One of the things that drives learning professionals, including myself, crazy is understanding what is meant by the term e-Learning. I have found over time that the term e-Learning, just as with ballroom dancers, is no good on its own. This term always needs a partner.
In order to truly capture all things that eLearning encompasses, the definition must be broad:
“e-learning is the delivery of education (all activities relevant to instructing, teaching, and learning) through various electronic media” (Koohang & Harman, 2005, p. 78).
“e-Learning … refers to education that uses the Internet” (Moore & Kearsley, 2012, p. 2).
“E-learning (or eLearning) refers to the use of electronic media and information and communication technologies (ICT) in education” (Wikipedia, 2014, para. 1).
I was talking with a colleague a few weeks ago. She was telling me about a live (i.e., synchronous) learning event that was held and recorded using a virtual learning environment. My practice has primarily been with creating asynchronous courses that are delivered via a Learning Management System. A few minutes into the conversation, we were both confused.
Why? It was due to the fact that we were both using the term e-Learning to describe two different types of learning events. Yes, we were both using the correct term. But we were confused because it was two different types of e-Learning events under discussion.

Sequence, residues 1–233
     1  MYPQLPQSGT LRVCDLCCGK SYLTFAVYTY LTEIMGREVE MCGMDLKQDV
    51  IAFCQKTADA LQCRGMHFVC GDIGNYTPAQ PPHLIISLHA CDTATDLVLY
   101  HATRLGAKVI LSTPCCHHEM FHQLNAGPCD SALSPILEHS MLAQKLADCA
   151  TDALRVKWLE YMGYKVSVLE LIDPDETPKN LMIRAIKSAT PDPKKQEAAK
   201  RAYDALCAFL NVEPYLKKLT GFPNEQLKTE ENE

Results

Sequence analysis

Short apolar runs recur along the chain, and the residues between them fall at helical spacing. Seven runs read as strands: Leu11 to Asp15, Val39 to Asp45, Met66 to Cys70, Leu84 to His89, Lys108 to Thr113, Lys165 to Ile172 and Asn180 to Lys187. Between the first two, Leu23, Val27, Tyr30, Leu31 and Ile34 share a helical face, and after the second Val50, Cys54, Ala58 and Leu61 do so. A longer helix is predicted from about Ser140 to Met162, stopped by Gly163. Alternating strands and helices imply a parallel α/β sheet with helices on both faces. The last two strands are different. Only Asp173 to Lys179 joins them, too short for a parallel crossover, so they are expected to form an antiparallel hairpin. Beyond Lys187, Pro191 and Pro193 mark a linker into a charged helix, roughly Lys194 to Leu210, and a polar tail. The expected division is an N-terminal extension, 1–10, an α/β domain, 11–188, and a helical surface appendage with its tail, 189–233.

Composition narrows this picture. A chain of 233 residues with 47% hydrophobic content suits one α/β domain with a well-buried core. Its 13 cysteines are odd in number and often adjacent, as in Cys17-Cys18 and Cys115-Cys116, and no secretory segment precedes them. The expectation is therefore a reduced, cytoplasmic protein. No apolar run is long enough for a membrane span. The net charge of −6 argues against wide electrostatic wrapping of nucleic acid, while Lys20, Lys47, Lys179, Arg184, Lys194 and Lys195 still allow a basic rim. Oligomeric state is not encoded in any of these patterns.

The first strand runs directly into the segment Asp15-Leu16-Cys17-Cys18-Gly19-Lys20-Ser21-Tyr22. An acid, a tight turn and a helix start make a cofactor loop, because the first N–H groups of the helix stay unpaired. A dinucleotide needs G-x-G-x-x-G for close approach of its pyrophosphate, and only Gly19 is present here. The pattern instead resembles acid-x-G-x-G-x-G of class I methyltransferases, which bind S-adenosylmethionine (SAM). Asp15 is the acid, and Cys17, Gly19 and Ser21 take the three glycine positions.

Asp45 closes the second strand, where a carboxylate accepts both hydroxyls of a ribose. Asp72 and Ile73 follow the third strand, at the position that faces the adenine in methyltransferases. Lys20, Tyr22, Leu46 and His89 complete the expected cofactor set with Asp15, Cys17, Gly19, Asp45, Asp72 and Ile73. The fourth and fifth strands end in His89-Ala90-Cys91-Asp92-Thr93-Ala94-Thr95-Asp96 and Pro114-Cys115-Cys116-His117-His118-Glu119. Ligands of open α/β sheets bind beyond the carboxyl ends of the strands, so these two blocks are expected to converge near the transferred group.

I am guilty as the next person of saying e-Learning when I actually mean e-Learning course. Consider taking the challenge, along with me, to ensure that the term e-Learning is always used with at least one partner, if not more.
Koohang, A., & Harman, K. (2005). Open source: A metaphor for e-learning. Informing Science: The International Journal of an Emerging Transdiscipline, 8, 75-86. Retrieved from http://inform.nu/Articles/Vol8/v8p075-086Kooh.pdf
Microsoft. (2014). Couple ballroom dancing [Digital Image]. Used with permission from Microsoft. Retrieved from http://office.microsoft.com/en-us/images/results.aspx?qu=computer&ex=1&AxInstalled=copy&Download=MP900422409&ext=JPG&c=0#ai:MP900422409|mt:2|
Moore, M.G., & Kearsley, G. (2012). The distance education student. In Distance education: A systems view of online learning (3rd ed., pp. 150-174). Belmont, CA: Wadsworth CengageLearning.
Wikipedia. (2014). E-Learning [Web Pag. Retrieved from http://en.wikipedia.org/wiki/E-learning